The World War II Enigma decoding machine is seen 25 November 2004 at Bletchley Park, home of the WWII codebreakers

Britain's next generation of cyber security experts will be taught at Bletchley Park, where Nazi codes were cracked during World War II, the head of the new college announced on Thursday.

The mansion house is celebrated as the site where codebreakers cracked the Nazis' Enigma cipher machine, credited by some historians with cutting World War II short by two years.

Head of the UK's first college of cyber security—QUFARO@Bletchley Park—said it would pick "the most talented and skilled students" and aim to unify Britain's complex and disconnected cyber education.

"For those interested in forging a career in cyber, the current pathway is filled with excellent but disparate initiatives—each playing a vital role without offering a truly unified ecosystem of learning and support," Alastair MacWilson said.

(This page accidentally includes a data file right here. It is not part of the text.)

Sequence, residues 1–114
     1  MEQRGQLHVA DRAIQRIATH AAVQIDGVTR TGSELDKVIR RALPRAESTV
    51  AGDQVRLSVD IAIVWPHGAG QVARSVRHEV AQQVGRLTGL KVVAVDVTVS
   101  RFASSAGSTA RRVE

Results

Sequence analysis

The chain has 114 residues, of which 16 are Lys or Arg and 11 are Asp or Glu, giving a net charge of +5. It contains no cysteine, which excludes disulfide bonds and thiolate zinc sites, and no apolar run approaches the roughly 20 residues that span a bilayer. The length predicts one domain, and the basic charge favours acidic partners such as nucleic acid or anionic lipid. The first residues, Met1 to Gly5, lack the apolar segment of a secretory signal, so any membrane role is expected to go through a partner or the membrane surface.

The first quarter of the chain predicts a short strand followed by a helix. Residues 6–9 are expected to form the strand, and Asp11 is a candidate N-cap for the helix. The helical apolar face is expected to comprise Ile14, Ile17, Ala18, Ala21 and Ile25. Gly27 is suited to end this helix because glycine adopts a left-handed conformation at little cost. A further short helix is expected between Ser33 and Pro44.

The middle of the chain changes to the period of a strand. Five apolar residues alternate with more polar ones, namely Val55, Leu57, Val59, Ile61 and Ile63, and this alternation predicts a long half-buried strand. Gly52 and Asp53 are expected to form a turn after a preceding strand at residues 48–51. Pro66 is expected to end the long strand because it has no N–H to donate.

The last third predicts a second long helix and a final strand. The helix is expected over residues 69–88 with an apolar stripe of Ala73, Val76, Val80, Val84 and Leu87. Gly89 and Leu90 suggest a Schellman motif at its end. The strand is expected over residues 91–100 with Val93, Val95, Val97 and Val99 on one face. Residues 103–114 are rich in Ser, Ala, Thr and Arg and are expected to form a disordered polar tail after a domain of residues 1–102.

"By connecting what already exists and filling the gaps, QUFARO will make it easier for budding professionals to grow their cyber skills at every stage of their journey, and contribute more to the sector as a result," he added.

The achievements of Alan Turing and fellow mathematicians at Bletchley Park in central England were not acknowledged until 2000, when the top secret work achieved there was declassified.

The codebreakers' story was turned into an Oscar-winning film in 2014, "The Imitation Game", in which Turing was played by British actor Benedict Cumberbatch.

The new college will target 16- to 19-year-olds with courses which will include lessons in computer science, maths and physics.

Those behind the new centre include experts from the National Museum of Computing and BT Security.

The institute is due to open in 2018, following the completion of a £5 million ($6.2 million, 5.9 million euros) restoration of Bletchley Park.

Despite Turing's role in securing victory over the Nazis, Turing was prosecuted by the authorities in 1952 for "gross indecency" with another man and was forced to undergo chemical castration.

He was found dead by cyanide poisoning on June 7, 1954, 16 days before his 42nd birthday.

It was not until 2009 when Britain's then prime minister, Gordon Brown, formally apologised for the "horrifying" treatment Turing suffered: "We're sorry, you deserved so much better," he said.